Starting Gates (or Starting Stalls)

Excerpt from Chapter 9 of Monty’s textbook, From My Hands to Yours.
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Even if you have no connection with racing, you can still benefit greatly from this section on the behavior of horses when we ask them to habituate to the starting gates, because these principles are applicable to equine behavior in all disciplines, including leisure riding.

I have worked extensively with horses that have problems with starting gates (also known as starting stalls). I travel to all parts of the world to work with racehorses that have become negative at the starting gate because their inherent nature is misunderstood and because of the subsequent use of force meted out by track workers. It is far more difficult to deal with horses that have taken the law into their own hands than it is to deal with the young and unspoiled.

For decades now, most equestrians involved in this process have used extrinsic training. I define extrinsic training as the attempt to force knowledge on the student. It is external to the brain of the student. Intrinsic training lets the brain of the student learn from within. This allows the student to draw into the brain information voluntarily. This is a far more effective way of learning than when information is forced upon you from external sources. In fact, most horses will be broken to comply with the demands made of them. Some, however, will resent this harsh treatment and become phobicly resistant to the starting gate. These are the ones I am asked to reform.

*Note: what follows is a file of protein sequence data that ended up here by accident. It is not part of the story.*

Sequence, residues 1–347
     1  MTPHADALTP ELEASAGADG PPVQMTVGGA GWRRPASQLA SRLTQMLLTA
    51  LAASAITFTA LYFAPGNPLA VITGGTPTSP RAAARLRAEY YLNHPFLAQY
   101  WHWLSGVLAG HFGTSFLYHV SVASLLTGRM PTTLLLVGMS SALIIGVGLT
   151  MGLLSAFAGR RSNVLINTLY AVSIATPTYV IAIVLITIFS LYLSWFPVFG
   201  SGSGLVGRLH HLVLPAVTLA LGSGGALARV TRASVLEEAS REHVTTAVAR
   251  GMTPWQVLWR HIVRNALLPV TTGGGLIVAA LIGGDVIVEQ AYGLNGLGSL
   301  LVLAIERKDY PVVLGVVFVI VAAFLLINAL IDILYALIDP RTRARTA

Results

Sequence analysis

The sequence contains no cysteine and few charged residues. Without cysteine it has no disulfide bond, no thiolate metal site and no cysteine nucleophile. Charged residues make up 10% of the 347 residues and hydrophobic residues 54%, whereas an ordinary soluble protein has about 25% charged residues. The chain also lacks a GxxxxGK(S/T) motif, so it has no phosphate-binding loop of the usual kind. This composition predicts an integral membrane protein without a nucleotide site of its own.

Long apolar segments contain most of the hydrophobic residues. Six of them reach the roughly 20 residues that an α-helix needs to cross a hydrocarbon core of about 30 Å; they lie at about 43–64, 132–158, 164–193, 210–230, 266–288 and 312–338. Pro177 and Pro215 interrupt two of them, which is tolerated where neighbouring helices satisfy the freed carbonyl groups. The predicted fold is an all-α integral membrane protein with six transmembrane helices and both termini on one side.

When a racehorse first enters the starting gate, feeling the sidewalls intruding into the area of his flanks, his natural reaction is to lean into what he perceives to be a life-threatening situation. Often the jockey or handler will whip the horse in an attempt to punish him for this behavior. This simply serves to convince the horse that the starting gate is a dangerous place to be. He might think there is a big cat in there with claws and teeth or a flying predator. Following this experience, the horse’s tendency is to resist loading into the gates at any cost. Man’s tendency is to then force him by various means. He might use whips, twitches, lip chains, or a combination of these things in an attempt to demand compliance. Trying to force a horse is usually unsuccessful, and goes against every tenet of my concepts. The larger the horse, the more likely the gates will feel intrusive.

There are two types of problems in this area. One is caused by incorrect schooling, which usually includes fear and pain, and the other problem is caused by the fact that the horse is innately an into-pressure animal.

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